Higher Levels of Neurodegenerative Biomarkers in Hospitalized Patients With COVID-19: Jennifer Frontera, MD


A recent study found that blood markers of brain damage were higher in patients with COVID-19 than in those with Alzheimer disease. [WATCH TIME: 4 minutes]

WATCH TIME: 4 minutes

“We looked at those markers, that were primarily collected at the time of admission for COVID hospitalization, and then we correlated them with evidence of neurological injury—clinically, most commonly, encephalopathy, which was the most frequent neurological type of injury that we witnessed in these hospitalized COVID patients.”

A recent study published in Alzheimer’s & Dementia evaluated neurological complications in 251 hospitalized patients with COVID-19, with data suggesting neurodegenerative biomarkers in these patients were elevated to, or higher than, levels observed in patients with Alzheimer disease. Investigators also found higher levels of 7 markers of brain damage in patients with COVID-19 with neurological symptoms than those without them, and even higher levels in patients who died in the hospital compared with those who were discharged. 

Findings suggest that there is a significant amount of brain injury for some patients during acute COVID-19 infection, according to lead author Jennifer Frontera, MD, professor of neurology, NYU Langone Grossman School of Medicine. Frontera spoke with NeurologyLive® on the study design, which involved investigators looking at banked blood specimens—collected from hospitalized patients between March 10, 2020, and May 20, 2020—and checking for brain injury markers using single-molecule array technology.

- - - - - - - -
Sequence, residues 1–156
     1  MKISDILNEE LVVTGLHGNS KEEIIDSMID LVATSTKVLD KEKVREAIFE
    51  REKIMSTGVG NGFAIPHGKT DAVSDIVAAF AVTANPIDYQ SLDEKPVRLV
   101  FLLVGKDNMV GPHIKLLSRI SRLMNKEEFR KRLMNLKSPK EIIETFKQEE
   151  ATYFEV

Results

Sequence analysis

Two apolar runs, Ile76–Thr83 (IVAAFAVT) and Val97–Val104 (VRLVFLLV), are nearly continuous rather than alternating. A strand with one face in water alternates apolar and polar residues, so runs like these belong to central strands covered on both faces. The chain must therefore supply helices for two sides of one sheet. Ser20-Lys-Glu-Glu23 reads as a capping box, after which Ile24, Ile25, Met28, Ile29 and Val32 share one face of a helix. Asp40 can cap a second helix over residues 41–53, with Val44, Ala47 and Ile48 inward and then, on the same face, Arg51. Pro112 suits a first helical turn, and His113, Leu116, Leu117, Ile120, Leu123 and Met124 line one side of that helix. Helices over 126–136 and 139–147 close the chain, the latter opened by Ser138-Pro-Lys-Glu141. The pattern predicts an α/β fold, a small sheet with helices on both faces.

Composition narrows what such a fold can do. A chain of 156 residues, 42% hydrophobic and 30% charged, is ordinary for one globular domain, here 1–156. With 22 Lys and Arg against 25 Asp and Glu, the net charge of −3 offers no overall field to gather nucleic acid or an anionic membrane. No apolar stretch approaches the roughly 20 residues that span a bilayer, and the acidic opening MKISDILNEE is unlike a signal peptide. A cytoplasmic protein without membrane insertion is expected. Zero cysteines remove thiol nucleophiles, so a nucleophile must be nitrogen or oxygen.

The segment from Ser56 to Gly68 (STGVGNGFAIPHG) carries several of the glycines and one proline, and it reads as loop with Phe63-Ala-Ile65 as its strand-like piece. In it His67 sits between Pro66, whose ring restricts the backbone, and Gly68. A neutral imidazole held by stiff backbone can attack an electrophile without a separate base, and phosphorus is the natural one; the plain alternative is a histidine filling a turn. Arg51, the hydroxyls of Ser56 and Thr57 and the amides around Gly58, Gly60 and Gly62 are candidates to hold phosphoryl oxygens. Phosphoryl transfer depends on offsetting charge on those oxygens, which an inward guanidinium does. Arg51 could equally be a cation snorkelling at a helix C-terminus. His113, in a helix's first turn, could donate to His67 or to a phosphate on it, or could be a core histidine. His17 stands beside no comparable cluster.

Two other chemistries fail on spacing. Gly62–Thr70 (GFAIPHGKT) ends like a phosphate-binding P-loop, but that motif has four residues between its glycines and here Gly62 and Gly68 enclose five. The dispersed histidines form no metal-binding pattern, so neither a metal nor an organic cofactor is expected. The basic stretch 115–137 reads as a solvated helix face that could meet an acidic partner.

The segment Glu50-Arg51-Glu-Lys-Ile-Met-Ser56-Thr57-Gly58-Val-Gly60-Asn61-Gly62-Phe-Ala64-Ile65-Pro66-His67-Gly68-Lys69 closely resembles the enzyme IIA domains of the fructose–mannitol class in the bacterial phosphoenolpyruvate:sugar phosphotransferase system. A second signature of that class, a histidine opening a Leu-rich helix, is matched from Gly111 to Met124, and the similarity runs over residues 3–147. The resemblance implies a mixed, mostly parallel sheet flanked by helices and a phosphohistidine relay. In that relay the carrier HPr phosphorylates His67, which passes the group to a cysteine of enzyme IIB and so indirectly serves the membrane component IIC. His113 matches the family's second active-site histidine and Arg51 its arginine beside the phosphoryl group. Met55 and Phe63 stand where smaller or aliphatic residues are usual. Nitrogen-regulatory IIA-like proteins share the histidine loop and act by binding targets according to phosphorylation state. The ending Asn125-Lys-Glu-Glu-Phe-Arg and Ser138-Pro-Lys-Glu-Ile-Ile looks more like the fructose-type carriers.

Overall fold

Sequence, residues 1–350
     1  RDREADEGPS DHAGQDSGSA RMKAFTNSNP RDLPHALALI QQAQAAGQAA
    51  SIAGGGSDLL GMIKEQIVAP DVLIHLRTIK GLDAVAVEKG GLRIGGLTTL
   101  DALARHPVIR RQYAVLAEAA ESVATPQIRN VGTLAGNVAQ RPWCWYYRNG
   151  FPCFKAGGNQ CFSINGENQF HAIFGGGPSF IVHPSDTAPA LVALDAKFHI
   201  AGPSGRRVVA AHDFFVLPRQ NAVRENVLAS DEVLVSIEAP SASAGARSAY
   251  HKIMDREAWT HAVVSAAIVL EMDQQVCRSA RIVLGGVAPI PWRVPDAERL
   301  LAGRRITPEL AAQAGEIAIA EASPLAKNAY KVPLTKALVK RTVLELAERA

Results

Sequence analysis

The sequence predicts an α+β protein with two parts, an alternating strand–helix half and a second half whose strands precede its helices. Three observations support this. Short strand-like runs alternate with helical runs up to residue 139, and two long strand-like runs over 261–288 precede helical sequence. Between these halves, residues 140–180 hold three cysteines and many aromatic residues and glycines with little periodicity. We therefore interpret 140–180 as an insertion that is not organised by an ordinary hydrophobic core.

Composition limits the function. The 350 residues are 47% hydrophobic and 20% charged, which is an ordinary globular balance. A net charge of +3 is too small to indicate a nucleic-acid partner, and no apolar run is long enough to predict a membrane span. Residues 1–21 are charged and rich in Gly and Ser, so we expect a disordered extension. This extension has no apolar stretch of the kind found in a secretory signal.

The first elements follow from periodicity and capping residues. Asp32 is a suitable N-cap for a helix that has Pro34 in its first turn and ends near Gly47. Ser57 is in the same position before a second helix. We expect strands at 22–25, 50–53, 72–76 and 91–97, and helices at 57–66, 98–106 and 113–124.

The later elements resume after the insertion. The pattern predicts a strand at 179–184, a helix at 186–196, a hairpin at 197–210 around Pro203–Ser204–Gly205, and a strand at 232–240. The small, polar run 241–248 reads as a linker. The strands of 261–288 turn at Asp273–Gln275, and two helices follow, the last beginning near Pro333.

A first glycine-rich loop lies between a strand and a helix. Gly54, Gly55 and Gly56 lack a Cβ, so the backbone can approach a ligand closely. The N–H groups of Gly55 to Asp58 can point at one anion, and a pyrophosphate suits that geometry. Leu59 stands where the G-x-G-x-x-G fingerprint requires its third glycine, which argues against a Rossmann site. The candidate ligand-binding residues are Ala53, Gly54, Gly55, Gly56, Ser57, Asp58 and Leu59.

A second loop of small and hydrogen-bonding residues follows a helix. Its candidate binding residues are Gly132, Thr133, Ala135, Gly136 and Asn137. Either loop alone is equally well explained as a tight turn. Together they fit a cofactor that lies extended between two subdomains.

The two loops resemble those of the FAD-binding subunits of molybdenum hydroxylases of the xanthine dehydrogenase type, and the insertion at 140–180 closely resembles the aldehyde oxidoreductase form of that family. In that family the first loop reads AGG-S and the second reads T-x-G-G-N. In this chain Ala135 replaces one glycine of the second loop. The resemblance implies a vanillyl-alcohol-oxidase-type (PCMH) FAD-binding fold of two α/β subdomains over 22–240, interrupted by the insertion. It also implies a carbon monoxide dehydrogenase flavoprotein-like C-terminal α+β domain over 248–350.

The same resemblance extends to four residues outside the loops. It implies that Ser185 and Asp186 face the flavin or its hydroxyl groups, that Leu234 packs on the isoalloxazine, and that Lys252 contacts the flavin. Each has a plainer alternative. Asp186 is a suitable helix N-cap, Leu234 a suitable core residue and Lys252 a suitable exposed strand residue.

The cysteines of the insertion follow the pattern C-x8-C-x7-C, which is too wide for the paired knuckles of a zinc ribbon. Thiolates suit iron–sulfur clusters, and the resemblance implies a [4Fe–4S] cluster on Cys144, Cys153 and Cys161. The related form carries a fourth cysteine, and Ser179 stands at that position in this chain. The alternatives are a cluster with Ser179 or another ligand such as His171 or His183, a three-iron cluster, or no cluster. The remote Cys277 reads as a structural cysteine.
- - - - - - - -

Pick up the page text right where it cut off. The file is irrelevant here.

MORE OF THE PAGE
Frontera further delved into findings pertaining to patients with more severe COVID-19 infection, meaning they were more hypoxic or had multisystem organ failure. These patients, she said, were more likely to have elevations in neurodegenerative biomarkers, as well as symptomatology reflective of neurological injury. 

1. Blood markers of brain damage are higher over short term in patients who have COVID-19 than in people who have Alzheimer’s disease. News release. NYU Langone Health. January 13, 2022. Accessed January 13, 2022. https://nyulangone.org/news/blood-markers-brain-damage-are-higher-over-short-term-patients-who-have-covid-19-people-who-have-alzheimers-disease
2. Frontera JA, Boutajangout A, Masurkar AV, et al. Comparison of serum neurodegenerative biomarkers among hospitalized COVID-19 patients versus non-COVID subjects with normal cognition, mild cognitive impairment, or Alzheimer’s dementia. Alzheimers Dement. Published online January 13, 2022. doi:10.1002/alz.12556.
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